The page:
FIG. 1 a is a diagram showing a conventional approach, called reset-release timing, used in a phased system where the block loading time plus the mirror settling time is longer than the bit 0 time. In this approach, at the end of the bit 0 period the mirrors are released to a flat state and held while the next bit is loaded. This is accomplished by turning the mirror bias OFF and allowing them to float around the 0° position. FIG. 1 a shows the data to be loaded into memory, the reset timing, and the reflected light response from the mirrors. While the mirrors are in their selected state from normal bit A 100, the reset-release (rr) bit is loaded 101 into memory, but the mirrors are not reset immediately. At the appropriate time (after delay), a reset pulse 102 occurs setting the mirrors 103 according to the rr data in memory. Then at the end of the short bit 0 period, the mirrors are released 104 by turning OFF the mirror bias 105. In the absence of a bias, the mirrors go to a flat state 106 and remain there while data for the next normal bit B 107 is loaded into memory. The bias is then turned back ON 108 and the mirrors assume their bit B positions 109. This approach allows some stray light to get into the lens aperture and cause undesirable artifacts.

FIG. 1 b illustrates the timing for the reset-release method of FIG. 1 a. This diagram shows a normal bit A being loaded 10 and reset 11, then the reset-release (rr) bit is loaded 12 but not immediately reset in the normal fashion. Then at the appropriate time the rr bit is reset 13, allowing the mirrors to go to their appropriate state, and released 14 at the end of the bit 0 time period, when the mirror bias is turned OFF. Once released, the mirrors go to and remain in a flat (approximately 0°) position while the next bit B is loaded 15. Once loaded, the mirror bias is turned back ON 16 allowing the mirrors to go to their new state (Bit B) at which point the normal sequence of loading 17 and resetting 18 the next bit continues. The problem with the reset-release method is that the flat mirrors lead to additional optical artifacts, such as stray light entering the aperture causing horizontal lines at the reset block boundaries, a “venetian blind” effect across the reset-blocks, and lower system contrast due to higher dark levels.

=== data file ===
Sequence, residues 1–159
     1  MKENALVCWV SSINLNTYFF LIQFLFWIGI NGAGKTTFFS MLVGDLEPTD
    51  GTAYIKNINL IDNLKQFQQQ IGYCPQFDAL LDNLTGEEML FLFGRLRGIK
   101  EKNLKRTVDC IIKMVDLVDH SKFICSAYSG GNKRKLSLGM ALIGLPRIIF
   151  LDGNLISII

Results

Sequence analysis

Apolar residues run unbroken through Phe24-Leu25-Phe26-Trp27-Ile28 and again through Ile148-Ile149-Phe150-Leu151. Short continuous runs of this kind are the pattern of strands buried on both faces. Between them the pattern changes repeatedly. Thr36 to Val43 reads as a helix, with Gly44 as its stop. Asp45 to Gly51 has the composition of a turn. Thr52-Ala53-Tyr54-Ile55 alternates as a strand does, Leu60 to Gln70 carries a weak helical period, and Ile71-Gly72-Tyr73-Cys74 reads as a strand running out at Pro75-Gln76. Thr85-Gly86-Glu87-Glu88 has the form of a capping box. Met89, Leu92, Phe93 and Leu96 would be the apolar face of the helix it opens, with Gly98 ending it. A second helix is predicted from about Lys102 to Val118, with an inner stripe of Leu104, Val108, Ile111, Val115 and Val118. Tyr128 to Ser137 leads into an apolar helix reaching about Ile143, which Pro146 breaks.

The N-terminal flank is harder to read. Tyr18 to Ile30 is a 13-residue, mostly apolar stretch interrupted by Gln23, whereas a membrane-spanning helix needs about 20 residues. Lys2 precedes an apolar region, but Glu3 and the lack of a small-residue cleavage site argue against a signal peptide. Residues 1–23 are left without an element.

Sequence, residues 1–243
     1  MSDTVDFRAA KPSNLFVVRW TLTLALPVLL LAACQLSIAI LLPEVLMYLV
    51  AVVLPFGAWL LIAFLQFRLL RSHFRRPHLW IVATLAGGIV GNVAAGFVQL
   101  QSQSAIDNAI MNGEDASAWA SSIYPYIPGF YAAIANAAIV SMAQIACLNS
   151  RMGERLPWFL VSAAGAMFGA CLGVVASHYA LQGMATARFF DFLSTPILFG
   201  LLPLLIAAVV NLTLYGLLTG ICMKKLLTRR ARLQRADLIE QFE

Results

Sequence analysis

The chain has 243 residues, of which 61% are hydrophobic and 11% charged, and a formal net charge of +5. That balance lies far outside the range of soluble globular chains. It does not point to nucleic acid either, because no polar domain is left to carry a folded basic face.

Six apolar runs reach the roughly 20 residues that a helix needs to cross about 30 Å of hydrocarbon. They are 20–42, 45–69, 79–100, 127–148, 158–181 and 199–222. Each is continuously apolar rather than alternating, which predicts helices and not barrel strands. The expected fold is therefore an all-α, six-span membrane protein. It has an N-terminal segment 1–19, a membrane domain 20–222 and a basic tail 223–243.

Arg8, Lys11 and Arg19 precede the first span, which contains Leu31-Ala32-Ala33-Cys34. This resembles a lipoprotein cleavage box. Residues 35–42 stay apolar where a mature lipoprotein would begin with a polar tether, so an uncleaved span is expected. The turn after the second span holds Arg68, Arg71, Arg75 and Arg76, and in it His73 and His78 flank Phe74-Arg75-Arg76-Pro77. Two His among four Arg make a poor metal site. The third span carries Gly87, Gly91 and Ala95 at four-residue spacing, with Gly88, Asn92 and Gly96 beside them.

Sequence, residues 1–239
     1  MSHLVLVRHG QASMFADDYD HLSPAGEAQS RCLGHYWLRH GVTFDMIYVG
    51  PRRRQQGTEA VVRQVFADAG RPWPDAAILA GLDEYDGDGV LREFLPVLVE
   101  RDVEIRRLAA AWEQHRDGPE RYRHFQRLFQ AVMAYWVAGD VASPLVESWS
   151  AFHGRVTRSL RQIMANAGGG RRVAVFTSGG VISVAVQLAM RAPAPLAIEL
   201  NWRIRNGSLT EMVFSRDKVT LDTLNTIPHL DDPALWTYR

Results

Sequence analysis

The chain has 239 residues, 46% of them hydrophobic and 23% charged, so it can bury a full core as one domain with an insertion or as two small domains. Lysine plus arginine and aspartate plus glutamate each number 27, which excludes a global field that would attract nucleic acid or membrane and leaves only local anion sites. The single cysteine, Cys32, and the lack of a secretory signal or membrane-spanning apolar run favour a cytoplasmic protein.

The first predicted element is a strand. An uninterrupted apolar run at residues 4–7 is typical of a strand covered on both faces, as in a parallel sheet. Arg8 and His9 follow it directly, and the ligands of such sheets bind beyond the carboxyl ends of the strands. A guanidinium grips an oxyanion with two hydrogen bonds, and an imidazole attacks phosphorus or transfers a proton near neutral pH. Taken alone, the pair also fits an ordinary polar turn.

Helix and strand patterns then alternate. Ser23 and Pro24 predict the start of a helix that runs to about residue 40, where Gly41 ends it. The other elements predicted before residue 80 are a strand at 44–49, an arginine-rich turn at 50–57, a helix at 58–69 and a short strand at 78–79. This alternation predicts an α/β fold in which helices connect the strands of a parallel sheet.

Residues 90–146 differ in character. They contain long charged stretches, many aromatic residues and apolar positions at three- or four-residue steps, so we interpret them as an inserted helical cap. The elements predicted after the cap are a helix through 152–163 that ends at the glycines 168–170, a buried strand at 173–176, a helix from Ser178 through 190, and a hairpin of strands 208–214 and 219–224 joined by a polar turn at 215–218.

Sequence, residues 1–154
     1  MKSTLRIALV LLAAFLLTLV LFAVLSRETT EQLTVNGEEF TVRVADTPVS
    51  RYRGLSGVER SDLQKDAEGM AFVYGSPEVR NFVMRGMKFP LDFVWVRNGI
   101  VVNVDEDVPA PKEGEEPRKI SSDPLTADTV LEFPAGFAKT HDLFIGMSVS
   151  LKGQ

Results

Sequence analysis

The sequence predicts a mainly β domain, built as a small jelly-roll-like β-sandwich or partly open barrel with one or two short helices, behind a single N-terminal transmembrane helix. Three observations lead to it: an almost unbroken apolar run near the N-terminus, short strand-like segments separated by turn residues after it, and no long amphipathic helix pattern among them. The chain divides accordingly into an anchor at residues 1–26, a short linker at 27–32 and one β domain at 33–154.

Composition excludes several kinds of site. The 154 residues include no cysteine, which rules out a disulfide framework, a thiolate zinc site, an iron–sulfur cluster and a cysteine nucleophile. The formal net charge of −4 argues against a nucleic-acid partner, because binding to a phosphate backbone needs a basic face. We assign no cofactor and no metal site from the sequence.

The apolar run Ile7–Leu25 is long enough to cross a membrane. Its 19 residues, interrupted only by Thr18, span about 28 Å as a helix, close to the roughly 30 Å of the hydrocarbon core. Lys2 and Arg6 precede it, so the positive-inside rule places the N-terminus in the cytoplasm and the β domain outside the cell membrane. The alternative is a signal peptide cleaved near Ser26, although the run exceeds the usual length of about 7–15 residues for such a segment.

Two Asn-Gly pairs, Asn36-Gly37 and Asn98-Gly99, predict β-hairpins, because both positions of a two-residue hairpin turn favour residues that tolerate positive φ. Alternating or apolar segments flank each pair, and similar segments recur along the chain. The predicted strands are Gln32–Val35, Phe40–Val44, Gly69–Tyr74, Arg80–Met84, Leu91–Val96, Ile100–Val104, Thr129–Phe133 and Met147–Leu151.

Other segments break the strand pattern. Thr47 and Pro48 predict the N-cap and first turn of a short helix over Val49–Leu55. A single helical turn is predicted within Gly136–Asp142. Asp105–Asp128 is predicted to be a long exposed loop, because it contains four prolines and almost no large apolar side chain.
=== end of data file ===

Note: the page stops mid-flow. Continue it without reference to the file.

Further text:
The clocking method of the referenced patent application Ser. No. 60/221,733, called jog-clear, addressed the needs and shortcomings listing above by turning the mirrors OFF, rather than allowing them to float, while loading the next bit after the short-bit. Solving this short-bit generation time problem is not a trivial matter and in this approach is complicated by the fact that the combination of data and reset operations need to be performed independently on each block in a phased manner. In addition, matters are further complicated by the additional restrictions that a block clear cannot be performed on one block while loading another block. However, the jog-clear method addressed these needs and provided a higher performance solution, albeit with some limitations as to device type and bit ordering. Major advantages of the jog-clear method as described in the referenced application include: (1) elimination of visible lines at block boundaries, (2) elimination of the so-called “venetian blind” effect, and (3) significantly reduced black level.